Happy New Year, Dissertators!

As a dissertation coach, I see firsthand the backlash of negative feelings graduate students experience when they don’t complete their stated goals. This self-blame often stymies them even more, creating a negative ripple effect that can last for weeks, and sometimes longer. Many of my clients come to me initially because they are locked into a continual cycle of procrastination, avoidance and guilt – affecting not only their dissertation process, but their esteem, relationships and careers.

We have the best of intentions when creating resolutions for the new year but we often forget about their nasty potential shadow effects: shame and self-recrimination. And secretly, we know the reason why – resolutions can often be overly lofty or unrealistic. Worse, we can create goals for the wrong reasons (think societal or family approval, for example). This means our subconscious is often working against us from the start. Who wants to constantly wrestle with the insidious enemy from within?

What is sad is that my clients often don’t see what I see: a determined, intelligent person intent on moving their life forward, regardless of the limited timeline they’ve imposed on themselves. Part of my role is helping them understand that opportunities open up and confidence increases simply by engaging in the process of writing a dissertation, not just finishing it.

Moving into action, regardless of speed, is what reduces anxiety, builds momentum, produces words on the page and eventually gets that baby delivered. (Yes, the metaphor of the gestating baby that is long overdue for delivery really works here!)

In my dissertation coaching practice, I work with students to help them set goals that are motivating and that can actually be achieved. The following ideas keep their plans manageable and achievable.

Create goals grounded in reality – not resolutions.
A “resolution” is a heavy, weighted word, akin to a vow, whereas a “goal” can be flexible and approachable. An empowering goal also requires specific steps to achieve while a resolution is often more focused on the end product. So, don’t resolve to complete your dissertation by the end of the year – make it a goal with a tiered, flexible plan instead.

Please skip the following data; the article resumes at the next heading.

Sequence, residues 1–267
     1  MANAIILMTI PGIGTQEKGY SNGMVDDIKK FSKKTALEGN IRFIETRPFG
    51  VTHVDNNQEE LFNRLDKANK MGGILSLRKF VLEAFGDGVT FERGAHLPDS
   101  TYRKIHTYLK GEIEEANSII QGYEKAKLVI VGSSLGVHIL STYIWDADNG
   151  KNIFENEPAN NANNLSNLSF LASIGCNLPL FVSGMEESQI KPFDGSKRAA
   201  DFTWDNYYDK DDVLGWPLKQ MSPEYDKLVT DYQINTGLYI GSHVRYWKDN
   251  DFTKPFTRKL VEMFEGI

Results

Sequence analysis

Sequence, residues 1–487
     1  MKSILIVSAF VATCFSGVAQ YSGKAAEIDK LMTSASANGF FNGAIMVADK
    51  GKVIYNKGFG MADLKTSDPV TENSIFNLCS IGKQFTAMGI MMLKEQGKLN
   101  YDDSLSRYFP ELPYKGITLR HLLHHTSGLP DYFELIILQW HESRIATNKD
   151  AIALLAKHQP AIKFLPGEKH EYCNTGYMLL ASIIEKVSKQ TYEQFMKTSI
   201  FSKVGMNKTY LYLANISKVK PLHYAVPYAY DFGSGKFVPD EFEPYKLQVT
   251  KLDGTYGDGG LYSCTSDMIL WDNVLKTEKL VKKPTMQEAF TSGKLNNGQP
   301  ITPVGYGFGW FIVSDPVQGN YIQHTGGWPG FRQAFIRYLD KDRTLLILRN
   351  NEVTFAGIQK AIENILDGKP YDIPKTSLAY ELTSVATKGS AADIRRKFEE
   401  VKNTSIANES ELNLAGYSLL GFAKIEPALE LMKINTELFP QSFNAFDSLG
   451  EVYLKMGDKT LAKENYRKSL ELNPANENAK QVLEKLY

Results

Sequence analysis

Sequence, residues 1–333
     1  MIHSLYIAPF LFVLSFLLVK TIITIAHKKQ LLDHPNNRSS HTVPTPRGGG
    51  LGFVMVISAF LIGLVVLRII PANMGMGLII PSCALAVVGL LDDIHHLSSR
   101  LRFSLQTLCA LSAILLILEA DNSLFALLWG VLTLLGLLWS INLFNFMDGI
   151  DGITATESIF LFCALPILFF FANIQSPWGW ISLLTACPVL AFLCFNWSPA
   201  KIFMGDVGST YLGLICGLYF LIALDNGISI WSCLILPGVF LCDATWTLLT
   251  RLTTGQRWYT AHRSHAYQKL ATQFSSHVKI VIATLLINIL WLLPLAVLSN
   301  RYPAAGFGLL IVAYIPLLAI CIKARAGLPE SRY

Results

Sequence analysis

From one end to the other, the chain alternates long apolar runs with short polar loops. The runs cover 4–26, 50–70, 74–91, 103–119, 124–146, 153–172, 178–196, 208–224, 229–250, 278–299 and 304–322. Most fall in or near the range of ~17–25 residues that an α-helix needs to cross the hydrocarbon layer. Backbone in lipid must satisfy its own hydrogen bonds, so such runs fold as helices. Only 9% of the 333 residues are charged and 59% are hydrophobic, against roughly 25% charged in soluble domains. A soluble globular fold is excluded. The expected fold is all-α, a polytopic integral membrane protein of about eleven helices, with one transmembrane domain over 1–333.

Define strategic, but open goals.
Most graduate students I work with have exceedingly busy lives. They may not factor in life changes like a job transition, birth of a child or health issue. When you create an intention with some breathing room, you can relax into the process instead of feeling the constant heat of a fixed end point. While setting a deadline for your dissertation, be realistic. Revisit and tweak frequently. Integrate your current life constraints and don’t forget to include self-care. (More than just a buzzword, consistent self-care ensures your quality of life isn’t compromised as you tackle your mission.) Most importantly, give yourself credit for moving forward at any pace. It’s the small decisions made every day to devote some time (even 20 minutes) on your project that get it done.

Work toward micro goals.
Many of the students I work with perform optimally when taking a “one bite at a time” approach. If they think about the bigger picture and how much remains yet to be completed, they become overwhelmed and under productive. Some students work best by treating each chapter (or each subsection) as its own mini-dissertation. Others work well simply by dealing with one paragraph at a time. You want to keep the broader view in mind, but truly focus on what is in front of you.

Accept resistance, take action and find joy in your project whenever possible.
A joyless goal will never be a motivator. I can’t tell you how many students choose a dissertation topic simply because it’s a “hot topic” or because they think it will be faster to complete. Your interest and passion about the topic is critical to its completion. If the overall project no longer inspires you, figure out aspects of it that still interest you and lean into those.

A word about resistance to engaging in your dissertation, particularly if you’ve been AWOL for a while…
Resistance is going to come up. It’s normal and everyone experiences it. Completing a dissertation is emotionally, cognitively and physically challenging. You’ve devoted years of effort toward this goal and it’s going to be evaluated by the best in your field. Of course, it brings up fear and anxiety – which then translates into resistance. The key is to acknowledge the resistance, feel it fully and MOVE FORWARD INTO DISSERTATION MODE ANYWAY. No amount of discussing it, ruminating over it or waiting for the “ideal time” will make your resistance disappear and your dissertation get written.


Get support. We are not islands.
When accomplishing goals, recruiting support can make the difference between success and failure. Why? Because shared accountability is much more powerful than going it alone.

It’s easy to blow off going to the gym but harder to avoid if you made plans to go with a friend. When it comes to finishing your dissertation, it truly is a community effort – which is why a committee is formed and an advisor assigned to you. Stay in regular contact with your supervisor; get together with student peers via zoom to discuss challenges and progress; bribe your family members to read sections of your written work and give you feedback. Utilize whatever support is available to you. A dissertation coach (like moi) can also provide multi-tiered levels of support so you don’t have to go it alone.

With these ideas in mind, you can break the cycle of dreaded dissertation avoidance. Step into your project fully, keep moving forward, stay positive, be kind to yourself, write…and then write some more. You can do this.